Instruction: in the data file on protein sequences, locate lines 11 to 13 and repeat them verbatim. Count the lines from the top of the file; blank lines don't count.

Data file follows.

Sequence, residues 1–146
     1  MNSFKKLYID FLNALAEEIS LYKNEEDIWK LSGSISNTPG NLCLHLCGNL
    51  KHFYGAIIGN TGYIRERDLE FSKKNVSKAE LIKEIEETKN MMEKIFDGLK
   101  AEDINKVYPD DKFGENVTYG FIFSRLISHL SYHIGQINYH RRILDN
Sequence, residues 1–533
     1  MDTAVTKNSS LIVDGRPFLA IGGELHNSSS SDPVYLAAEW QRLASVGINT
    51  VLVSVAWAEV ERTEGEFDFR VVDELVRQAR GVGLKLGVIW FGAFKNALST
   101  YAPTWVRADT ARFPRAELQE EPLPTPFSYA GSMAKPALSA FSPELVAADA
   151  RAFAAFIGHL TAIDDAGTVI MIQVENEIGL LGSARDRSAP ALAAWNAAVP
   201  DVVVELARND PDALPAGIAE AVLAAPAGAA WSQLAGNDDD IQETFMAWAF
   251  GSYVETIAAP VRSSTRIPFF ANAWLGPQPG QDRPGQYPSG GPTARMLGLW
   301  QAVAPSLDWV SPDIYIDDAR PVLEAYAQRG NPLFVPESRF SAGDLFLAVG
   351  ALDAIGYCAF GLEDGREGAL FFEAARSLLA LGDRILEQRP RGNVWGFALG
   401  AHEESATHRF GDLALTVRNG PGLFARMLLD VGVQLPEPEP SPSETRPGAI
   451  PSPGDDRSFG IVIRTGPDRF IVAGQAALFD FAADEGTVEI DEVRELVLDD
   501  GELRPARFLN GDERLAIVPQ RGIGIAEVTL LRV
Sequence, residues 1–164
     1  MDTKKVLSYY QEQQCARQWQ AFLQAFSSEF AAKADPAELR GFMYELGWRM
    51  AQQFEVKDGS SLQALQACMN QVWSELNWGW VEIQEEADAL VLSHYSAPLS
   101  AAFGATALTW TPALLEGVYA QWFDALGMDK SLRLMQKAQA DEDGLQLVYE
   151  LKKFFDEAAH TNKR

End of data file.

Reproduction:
   251  GSYVETIAAP VRSSTRIPFF ANAWLGPQPG QDRPGQYPSG GPTARMLGLW
   301  QAVAPSLDWV SPDIYIDDAR PVLEAYAQRG NPLFVPESRF SAGDLFLAVG
   351  ALDAIGYCAF GLEDGREGAL FFEAARSLLA LGDRILEQRP RGNVWGFALG